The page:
In Nigeria, an accent is a catalyst for love


I have been debating whether I should write this for days but a conversation with a friend just convinced me to do it. Please hold up on the hunt for me till you’re done reading.

When I decided to spend 30 days in Lagos, I intended to just work and go back home but many people told me that would be a loss. Lagos is one of Africa’s most vibrant cities with something exciting each week. Its people are dynamic and energetic. I am yet to be in an African city that makes being African so cool and sexy and just darn fun. Yes, there are some challenges here, most of them deal-breakers but that is a different conversation.

As I come to the end of my trip, many people have asked me if I met any nice guys here (I hope my father doesn’t read this). I didn’t go looking for guys, and to be honest I had no interest but I did meet a lot of people and a number of them were guys. The dating scene in Lagos has mixed reviews from residents, some who love it and others who despise it. For most women, that I spoke to, it seems that Nigerian men are not much loved, some of them. “Nigerian men deceive with intent, it’s almost as though they set out to be evil and hurt you,” someone recounts to me. The creepy thing is this perspective is held by both men and women. My male friends warned me to not be alone with guys I just met or have only known a few days, and to watch everything I drink while out. It paints a rather terrifying picture of men in Las Gidi.

While men are deceiving with intent they also seem to be existing in a faux conservative world. More than one 20-something confessed their undying love to me after only an interaction of less than 15min, maybe I got mad game maybe not. When I relayed this to a friend he responded “it’s that tinge of British in your accent”. Nigerian men and women seem to fall for people by their accent, at least that is what I understood from his response. Here an accent is a catalyst for love, marriage and the world because Nollywood. The movies say when you fall you should fall hard and it should be a forever kind of thing – real or not. I would be flattered if I didn’t feel quite ridiculous every time it happened.

No one here ever tells you they just want to have sex, the conservative nature of the country makes that a fake taboo. It’s not like people aren’t doing it they just rather pretend. Goodness me, Nigerians can lie. Men lie about their physical desires and what they want from women, women do it too it would appear. Is there a law that says you must lie for survival? Nigerians believe in love at first sight, or at least they think they do. The way it plays out it seems Nigerians need to grab love by the collar and make it theirs immediately. They see a girl and they fall hard within 10mins. They will pledge their lives to these women, send flowers and even offer to buy lingerie. Nigerian girls must know the rules and signs of this game by now, so why are people still playing it?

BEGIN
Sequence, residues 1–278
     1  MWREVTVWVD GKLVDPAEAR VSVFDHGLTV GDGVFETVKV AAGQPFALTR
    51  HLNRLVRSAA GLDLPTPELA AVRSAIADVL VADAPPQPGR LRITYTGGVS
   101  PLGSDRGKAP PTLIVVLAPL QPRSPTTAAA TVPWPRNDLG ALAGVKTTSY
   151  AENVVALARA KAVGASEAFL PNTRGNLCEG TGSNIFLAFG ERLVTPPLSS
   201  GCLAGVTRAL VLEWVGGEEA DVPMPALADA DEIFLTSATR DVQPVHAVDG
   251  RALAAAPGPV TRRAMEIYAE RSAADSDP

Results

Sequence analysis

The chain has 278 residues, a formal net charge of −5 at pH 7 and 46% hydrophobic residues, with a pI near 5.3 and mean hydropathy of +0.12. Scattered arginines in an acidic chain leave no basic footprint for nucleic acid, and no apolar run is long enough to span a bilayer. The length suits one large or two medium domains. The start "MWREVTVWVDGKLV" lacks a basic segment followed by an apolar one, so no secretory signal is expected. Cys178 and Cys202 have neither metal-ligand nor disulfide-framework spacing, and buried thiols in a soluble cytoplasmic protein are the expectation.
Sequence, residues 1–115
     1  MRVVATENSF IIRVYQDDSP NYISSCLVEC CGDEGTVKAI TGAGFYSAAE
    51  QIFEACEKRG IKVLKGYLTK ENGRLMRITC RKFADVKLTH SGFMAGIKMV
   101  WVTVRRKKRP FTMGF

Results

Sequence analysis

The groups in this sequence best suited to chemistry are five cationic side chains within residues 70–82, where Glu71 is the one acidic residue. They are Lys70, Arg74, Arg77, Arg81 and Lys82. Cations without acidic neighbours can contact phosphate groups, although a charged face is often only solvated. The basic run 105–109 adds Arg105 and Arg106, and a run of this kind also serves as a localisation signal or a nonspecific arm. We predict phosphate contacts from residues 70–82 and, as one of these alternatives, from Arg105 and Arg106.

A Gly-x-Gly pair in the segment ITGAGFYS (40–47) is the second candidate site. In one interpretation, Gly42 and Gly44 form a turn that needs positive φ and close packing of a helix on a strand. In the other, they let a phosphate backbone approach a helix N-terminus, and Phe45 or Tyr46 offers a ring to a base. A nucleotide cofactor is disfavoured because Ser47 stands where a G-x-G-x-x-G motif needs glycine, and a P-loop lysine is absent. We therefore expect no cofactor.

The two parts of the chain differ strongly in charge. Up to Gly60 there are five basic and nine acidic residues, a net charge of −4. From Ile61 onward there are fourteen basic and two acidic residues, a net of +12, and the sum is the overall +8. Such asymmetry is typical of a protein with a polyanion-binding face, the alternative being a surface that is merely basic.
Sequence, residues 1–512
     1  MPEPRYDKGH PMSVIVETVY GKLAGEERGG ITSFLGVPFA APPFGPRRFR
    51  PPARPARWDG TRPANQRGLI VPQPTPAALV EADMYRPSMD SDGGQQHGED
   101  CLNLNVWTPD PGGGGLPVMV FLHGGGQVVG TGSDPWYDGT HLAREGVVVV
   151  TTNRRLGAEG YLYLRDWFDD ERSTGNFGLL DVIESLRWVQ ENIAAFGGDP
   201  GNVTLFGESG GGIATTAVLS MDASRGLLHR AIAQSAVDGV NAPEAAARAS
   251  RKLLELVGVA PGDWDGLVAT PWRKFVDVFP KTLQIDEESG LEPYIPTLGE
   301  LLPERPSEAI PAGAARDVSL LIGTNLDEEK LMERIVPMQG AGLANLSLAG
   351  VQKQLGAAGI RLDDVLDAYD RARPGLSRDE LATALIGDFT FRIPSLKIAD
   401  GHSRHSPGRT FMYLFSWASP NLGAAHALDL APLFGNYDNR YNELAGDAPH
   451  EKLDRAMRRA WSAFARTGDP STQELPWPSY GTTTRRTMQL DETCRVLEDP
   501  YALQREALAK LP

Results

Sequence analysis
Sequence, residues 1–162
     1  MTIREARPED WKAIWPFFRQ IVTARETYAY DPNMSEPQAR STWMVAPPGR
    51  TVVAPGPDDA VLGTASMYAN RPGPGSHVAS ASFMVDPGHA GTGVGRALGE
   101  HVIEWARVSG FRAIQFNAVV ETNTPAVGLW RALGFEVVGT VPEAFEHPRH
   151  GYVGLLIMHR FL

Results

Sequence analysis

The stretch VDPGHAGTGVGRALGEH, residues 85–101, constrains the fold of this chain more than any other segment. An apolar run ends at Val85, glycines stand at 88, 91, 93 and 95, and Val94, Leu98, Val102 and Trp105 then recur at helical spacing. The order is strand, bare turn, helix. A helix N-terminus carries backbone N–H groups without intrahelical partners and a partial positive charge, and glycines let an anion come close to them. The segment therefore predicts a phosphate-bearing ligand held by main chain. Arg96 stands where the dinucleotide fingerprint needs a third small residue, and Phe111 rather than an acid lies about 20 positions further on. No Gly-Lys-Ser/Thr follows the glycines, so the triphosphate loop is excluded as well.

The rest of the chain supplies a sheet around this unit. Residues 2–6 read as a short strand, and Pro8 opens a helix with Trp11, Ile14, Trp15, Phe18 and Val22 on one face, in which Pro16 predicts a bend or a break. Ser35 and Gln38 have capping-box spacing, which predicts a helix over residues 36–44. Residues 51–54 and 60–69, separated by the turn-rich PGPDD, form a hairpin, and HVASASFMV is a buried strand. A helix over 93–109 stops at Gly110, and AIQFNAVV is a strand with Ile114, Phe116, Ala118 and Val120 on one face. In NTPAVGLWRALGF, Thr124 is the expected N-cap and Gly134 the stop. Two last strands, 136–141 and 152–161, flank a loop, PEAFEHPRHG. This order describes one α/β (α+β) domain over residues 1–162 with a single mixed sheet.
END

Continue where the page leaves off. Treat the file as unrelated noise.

No one asks you for a date, they ask you for a lifetime as though those are easy to give away. People throw the L word around like its going out of fashion, it’s rather perplexing. Why? It’s been an interesting 30 days learning and watching. The politics of love, dating and sex is weaved into the fabric of this city. Here it seems people are paying for sex one way or another, with the promise of love, marriage or money (security). In some cases all three. Quite the costly exchange for the promised.

Dancing with strangers and meeting Princes in Lagos

Lagos Mainland

I would be doing Lagos a great disservice if all I talked about were its humidity, the impossible traffic and the hints of sexism that befell me on my last trip (more on this in another piece). I think if I were to truly explore what the delectable city had to offer and laid it bare Florence and the Machine would come to mind: “sweeter than heaven and hotter than hell”. This is a sentiment encapsulates an unforgettable experience.

I have been here often enough but I don’t really know the city, when you think about it really can you truly know a city? The city I currently live in still harbours great mysteries for me, the city I grew up seems to be so far away that its stories don’t belong in my head anymore. But I digress.

Like an inescapable dream Lagos comes to life in audacious yet subtle ways. One of the pleasures of this trip was a restaurant called Terra Kulture, nothing special by most counts but I find that I couldn’t stay away (there was free wifi). Tucked just a few ways away from the famous Bar Beach, the African themed restaurant is a fusion of art, entertainment and food. The premise for it seems is to provide top notch Nigerian cuisine while serving its customers need for culture, with the occasional plays as well as housing a gallery with exhibits from some top photographers. The whole place comes together quite nicely, like a perfectly executed dish of intellect, perfect mixology and soul food. Here the ladies meet for their weekly book club, whether books are read or it’s an excuse for a gander at the bar is anyone’s guess. I have a favourite dish here, and ate it every day I was there: Ofada rice (a sort of locally grown rice served with a spicy sauce) accompanied by fried plantain (yum yum) – it is a taste duet that sends your taste buds into an orgasmic adventure.